1920 Diary by Isaac Babel

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The Russian writer Isaac Babel (1894-1940) is acknowledged to be one of the great masters of 20th century literature, hailed as a genius by such critics as Lionel Trilling and Irving Howe. The work for which he is best known is a cycle of stories called "Red Cavalry", which depicts the exploits of the Cossack cavalry during the Polish-Soviet war of 1919-1920 and is based on Babel's experiences as he rode with the Cossacks during the campaign. Babel kept a diary during this period, in which he recorded the devastation of the war, the extreme cruelty of the Polish and Red armies alike towards the Jewish population in the Ukraine and Eastern Poland, and his own conflicted role as both Soviet revolutionary and Jew. The "1920 Diary" was a vital source for "Red Cavalry" as well as a compelling narrative. The "1920 Diary" is a contemporary account of the tragedy of Eastern European Jewry during this period. The diary also yields insights into Babel's personal evolution, showing his youthful curiosity and his anguish as, frequently concealing his own Jewish identity, he mingled with the victimized Jews of the region's shtetls and with his Cossack comrades. Finally, the diary sheds light on Babel's artistic development, revealing the path of the Red Cavalry cycle.

About Isaac Babel

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Isaac Babel was born in Odessa, Russia, in 1894. He won early success with stories about his native Odessa and about the exploits of the Bolshevik cavalry in the Polish campaign of 1920-21. During the 1930s his output was small, but his talent remained undiminished. He was arrested in May 1939 during the Great Purge, and his manuscripts were confiscated. His exact fate remains unknown. Although Babel's reputation was restored in 1956, he was still published only occasionally in the Soviet Union-the very strong Jewish element in his stories, as well as the ambiguous positions he took on war and revolution, made his stories uncomfortable for Soviet authorities. For a Russian reader, the Odessa Tales (1916) are particularly exotic. Their protagonists, members of the city's Jewish underworld, are presented in romantic, epic terms. The Red Cavalry stories are noted for their account of the horrors of war. In both cycles Babel relies on precisely constructed short plots, on paradox of situation and of character response, and on nonstandard, captivating language-be it the combination of Yiddish, slang, and standard Russian in the Odessa Tales or of uneducated Cossack speech and standard Russian in the Red Cavalry cycle. The result of such features is a prose heritage rare in the history of Russian literature. Isaac Babel passed away in 1941.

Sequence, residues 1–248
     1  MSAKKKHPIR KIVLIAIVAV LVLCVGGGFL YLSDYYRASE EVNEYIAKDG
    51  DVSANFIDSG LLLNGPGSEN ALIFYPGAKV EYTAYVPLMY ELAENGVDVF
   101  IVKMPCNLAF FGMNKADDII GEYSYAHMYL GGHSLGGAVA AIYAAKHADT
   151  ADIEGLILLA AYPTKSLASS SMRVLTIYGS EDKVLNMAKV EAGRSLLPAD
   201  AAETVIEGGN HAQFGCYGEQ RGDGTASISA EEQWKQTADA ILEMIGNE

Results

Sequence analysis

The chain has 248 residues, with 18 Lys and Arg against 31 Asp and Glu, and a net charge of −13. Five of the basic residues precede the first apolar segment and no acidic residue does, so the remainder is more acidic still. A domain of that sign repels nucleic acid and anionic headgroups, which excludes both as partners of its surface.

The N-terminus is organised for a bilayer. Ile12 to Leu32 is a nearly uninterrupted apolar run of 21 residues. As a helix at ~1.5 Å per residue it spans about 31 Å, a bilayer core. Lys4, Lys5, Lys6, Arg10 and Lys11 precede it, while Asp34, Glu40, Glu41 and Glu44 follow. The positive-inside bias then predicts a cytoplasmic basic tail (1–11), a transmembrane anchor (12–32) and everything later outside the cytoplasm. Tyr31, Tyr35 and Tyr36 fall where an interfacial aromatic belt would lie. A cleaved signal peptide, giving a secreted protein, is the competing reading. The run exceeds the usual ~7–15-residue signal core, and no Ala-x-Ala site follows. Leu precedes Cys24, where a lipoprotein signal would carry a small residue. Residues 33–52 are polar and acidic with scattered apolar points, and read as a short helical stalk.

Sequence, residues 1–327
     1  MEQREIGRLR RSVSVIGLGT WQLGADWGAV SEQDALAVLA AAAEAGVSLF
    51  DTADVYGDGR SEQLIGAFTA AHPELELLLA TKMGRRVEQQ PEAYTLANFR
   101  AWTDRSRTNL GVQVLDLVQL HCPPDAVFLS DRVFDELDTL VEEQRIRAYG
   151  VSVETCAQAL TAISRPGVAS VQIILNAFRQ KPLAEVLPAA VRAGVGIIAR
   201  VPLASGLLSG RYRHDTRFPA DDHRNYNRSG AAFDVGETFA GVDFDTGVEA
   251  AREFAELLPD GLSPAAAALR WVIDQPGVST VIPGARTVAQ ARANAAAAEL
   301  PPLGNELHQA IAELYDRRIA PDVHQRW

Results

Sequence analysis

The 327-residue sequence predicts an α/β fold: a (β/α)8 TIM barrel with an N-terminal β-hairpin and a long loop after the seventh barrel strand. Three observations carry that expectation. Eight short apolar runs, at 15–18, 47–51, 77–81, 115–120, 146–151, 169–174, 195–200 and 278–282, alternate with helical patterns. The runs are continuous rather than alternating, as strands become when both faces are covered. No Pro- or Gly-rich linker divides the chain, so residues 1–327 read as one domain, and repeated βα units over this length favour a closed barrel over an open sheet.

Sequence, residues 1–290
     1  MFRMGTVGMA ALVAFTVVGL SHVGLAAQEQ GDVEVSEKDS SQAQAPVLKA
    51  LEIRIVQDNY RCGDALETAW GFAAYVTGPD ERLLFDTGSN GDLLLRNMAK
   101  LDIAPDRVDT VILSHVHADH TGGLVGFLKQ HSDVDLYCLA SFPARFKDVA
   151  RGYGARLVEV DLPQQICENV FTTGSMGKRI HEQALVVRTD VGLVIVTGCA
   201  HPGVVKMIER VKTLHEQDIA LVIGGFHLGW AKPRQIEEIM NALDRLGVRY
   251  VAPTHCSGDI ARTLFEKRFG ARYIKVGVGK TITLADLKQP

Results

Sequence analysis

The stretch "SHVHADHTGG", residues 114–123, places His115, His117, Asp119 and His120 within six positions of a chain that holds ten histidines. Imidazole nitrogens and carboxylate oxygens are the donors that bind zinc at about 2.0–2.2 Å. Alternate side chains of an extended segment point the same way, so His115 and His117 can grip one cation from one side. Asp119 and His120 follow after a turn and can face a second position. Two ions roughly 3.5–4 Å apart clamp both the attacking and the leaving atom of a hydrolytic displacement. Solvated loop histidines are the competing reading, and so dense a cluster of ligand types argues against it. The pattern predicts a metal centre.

Published April 26, 1995 by Yale University Press. 184 pages
Genres: Biographies & Memoirs, History, Religion & Spirituality, Travel. Non-fiction

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Publishers Weekly

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Babel's experiences as a half-hearted Cossack in the Polish-Soviet war of 1919-1920.

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London Review of Books

It is not news, because the single work that made Babel a famous writer – the short story collection Red Cavalry – is based on his experiences that summer, when he turned 26, at the First Cavalry Army HQ in a Volhynian village.

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